The Authority had both bridge construction and paving projects planned, but quickly took steps to rearrange project schedules to reduce the chance of traffic delays. The Authority also offered detoured drivers E-ZPass devices on a short-term loan to give them the opportunity to pay tolls electronically.
Preparing Route 201 for the detour also required considerable work. MaineDOT’s Foley, a resident of Bowdoinham, knows Route 201 well. He recognized the challenge was going to be one of avoiding the clash of two driving cultures – the fast-moving drivers used to high speed travel on I-295 and local residents who were used to a slower pace. Those big differences in speed, said Foley, had the potential to cause big backups.
Signage was key: MaineDOT beefed up informational signs along the detour route to more clearly identify cross streets and remind drivers that they were in a work zone. One idea that came out of the meetings with local emergency responders was to have signs counting down the mileage to help reduce driver frustration. Lighting at key intersections also was enhanced. MaineDOT’s Maintenance and Operations Office led by David Allen completed all of the prep work on a tight schedule during the days leading up to the closure.
Local law agencies also were enlisted to make sure detour speed limits were enforced. That kept traffic moving smoothly.
“Law enforcement was very present,” said Foley. Those patrols not only kept detoured traffic from speeding, they also helped keep local traffic up to speed.
Reduce, reuse, recycle
While work preparing the project detours – including repaving a major section of I-295 just south of the project area – began more than a month earlier, reconstruction of the highway began in earnest at midnight on June 15.
That was when project contractor Pike Industries set up barricades closing off the highway. Crews set to work almost immediately, breaking up the old concrete surface and rubblizing the concrete underneath. The project design called for Pike to recycle 100 percent of the old concrete in the building of the new road. The three-inch top layer was milled and used in the shoulders. The remaining six inches of concrete pavement was rubblized and used as the base for the new asphalt surface.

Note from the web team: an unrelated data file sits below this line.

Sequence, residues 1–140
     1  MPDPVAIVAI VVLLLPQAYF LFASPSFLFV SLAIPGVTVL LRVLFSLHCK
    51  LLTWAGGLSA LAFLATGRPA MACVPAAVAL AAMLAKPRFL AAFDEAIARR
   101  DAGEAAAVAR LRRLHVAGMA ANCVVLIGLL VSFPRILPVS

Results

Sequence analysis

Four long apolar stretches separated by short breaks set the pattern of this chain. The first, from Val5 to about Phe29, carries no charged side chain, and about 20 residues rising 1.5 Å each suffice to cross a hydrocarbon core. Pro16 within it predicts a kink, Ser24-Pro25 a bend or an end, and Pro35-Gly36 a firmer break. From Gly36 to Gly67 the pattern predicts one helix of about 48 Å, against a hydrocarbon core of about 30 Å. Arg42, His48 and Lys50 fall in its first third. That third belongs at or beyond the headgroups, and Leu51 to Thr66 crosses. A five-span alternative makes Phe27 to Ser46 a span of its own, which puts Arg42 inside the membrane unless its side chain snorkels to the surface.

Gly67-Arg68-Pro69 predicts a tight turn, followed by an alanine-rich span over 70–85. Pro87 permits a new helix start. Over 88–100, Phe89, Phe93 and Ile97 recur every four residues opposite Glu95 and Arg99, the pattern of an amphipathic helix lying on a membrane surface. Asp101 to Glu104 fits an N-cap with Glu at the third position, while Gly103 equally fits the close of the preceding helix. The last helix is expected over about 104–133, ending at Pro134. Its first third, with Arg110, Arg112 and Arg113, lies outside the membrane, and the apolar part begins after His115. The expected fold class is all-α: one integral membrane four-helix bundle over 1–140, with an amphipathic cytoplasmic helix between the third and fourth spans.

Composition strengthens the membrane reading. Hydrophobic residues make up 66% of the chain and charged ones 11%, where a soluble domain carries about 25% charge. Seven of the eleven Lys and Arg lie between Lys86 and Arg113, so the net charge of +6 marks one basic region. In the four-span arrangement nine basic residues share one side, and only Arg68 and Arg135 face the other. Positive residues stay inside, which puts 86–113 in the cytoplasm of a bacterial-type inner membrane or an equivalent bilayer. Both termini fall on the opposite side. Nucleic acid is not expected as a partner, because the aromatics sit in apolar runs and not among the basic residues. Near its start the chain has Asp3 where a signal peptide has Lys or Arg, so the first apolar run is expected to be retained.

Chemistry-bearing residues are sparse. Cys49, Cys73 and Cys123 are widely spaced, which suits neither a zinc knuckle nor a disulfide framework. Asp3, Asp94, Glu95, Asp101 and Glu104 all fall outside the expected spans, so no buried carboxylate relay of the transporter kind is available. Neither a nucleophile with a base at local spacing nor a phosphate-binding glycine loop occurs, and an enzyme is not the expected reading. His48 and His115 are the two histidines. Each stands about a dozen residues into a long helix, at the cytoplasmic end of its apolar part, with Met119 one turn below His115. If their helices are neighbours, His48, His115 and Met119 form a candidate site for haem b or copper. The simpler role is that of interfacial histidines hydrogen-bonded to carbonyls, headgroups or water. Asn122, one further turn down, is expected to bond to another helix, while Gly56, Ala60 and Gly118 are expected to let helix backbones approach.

Jim Hanley of Pike Industries said that by recycling the old concrete, Pike was able to eliminate hundreds of truck trips on local roads that would have been required to haul away the old concrete and bring in base materials for the new road. That saved wear and tear on local roads, and reduced project costs at a time when fuel prices were skyrocketing.
Without traffic to contend with, work proceeded at a blistering pace. Crews from Pike and project subcontractors worked long days, holidays and weekends to get the job done by the end of August. The rubblizing and concrete milling were completed by July 4. As paving got underway, Pike closely coordinated the work of crews and subcontractors to make sure that daylight hours were used to their fullest. Working efficiently was particularly important because heavy rains hampered production during much of the summer.
Hanley said that as soon as Pike’s paving crews finished a section of highway and Shaw Bros. finished work on the shoulder, Maine Line Fence was there installing the new guardrail.
“We literally pushed each other right up through and out the end of the project,” said Hanley, who had nothing but praise for everyone who worked on the project.
“Cianbro and Shaw Bros. were excellent as far as the progression and Maine Line Fence was right on our heels the whole way,” said Hanley. He had high praise for Pike crews, as well, and the small army of independent truckers who hauled asphalt for the job.
In all, Pike crews and subcontractors put down 181,000 tons of asphalt, rebuilt five bridges and installed seven miles of guardrail over the course of the project. They completed the job 20 days ahead of schedule on August 9. (The contract included a $2 million incentive for Pike for completing the job ahead of schedule.)
Safety first